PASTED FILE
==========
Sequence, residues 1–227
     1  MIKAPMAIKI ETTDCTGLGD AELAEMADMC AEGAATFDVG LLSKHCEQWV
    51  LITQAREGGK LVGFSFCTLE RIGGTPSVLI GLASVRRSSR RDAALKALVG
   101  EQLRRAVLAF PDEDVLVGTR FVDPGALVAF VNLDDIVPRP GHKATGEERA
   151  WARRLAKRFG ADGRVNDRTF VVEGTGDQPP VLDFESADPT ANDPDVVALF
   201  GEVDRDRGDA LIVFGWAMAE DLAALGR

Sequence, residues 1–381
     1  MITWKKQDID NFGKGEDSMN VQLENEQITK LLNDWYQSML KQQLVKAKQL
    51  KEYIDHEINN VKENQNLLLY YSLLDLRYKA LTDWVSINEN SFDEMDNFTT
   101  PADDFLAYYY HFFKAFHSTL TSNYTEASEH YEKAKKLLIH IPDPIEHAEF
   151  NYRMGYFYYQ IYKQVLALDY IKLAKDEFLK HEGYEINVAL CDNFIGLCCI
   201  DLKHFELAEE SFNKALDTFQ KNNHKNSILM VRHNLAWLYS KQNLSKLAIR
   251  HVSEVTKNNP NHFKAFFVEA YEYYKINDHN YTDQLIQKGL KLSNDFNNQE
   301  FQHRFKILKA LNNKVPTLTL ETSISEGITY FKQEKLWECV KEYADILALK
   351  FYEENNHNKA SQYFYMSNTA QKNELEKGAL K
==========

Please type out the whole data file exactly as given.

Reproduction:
Sequence, residues 1–227
     1  MIKAPMAIKI ETTDCTGLGD AELAEMADMC AEGAATFDVG LLSKHCEQWV
    51  LITQAREGGK LVGFSFCTLE RIGGTPSVLI GLASVRRSSR RDAALKALVG
   101  EQLRRAVLAF PDEDVLVGTR FVDPGALVAF VNLDDIVPRP GHKATGEERA
   151  WARRLAKRFG ADGRVNDRTF VVEGTGDQPP VLDFESADPT ANDPDVVALF
   201  GEVDRDRGDA LIVFGWAMAE DLAALGR

Sequence, residues 1–381
     1  MITWKKQDID NFGKGEDSMN VQLENEQITK LLNDWYQSML KQQLVKAKQL
    51  KEYIDHEINN VKENQNLLLY YSLLDLRYKA LTDWVSINEN SFDEMDNFTT
   101  PADDFLAYYY HFFKAFHSTL TSNYTEASEH YEKAKKLLIH IPDPIEHAEF
   151  NYRMGYFYYQ IYKQVLALDY IKLAKDEFLK HEGYEINVAL CDNFIGLCCI
   201  DLKHFELAEE SFNKALDTFQ KNNHKNSILM VRHNLAWLYS KQNLSKLAIR
   251  HVSEVTKNNP NHFKAFFVEA YEYYKINDHN YTDQLIQKGL KLSNDFNNQE
   301  FQHRFKILKA LNNKVPTLTL ETSISEGITY FKQEKLWECV KEYADILALK
   351  FYEENNHNKA SQYFYMSNTA QKNELEKGAL K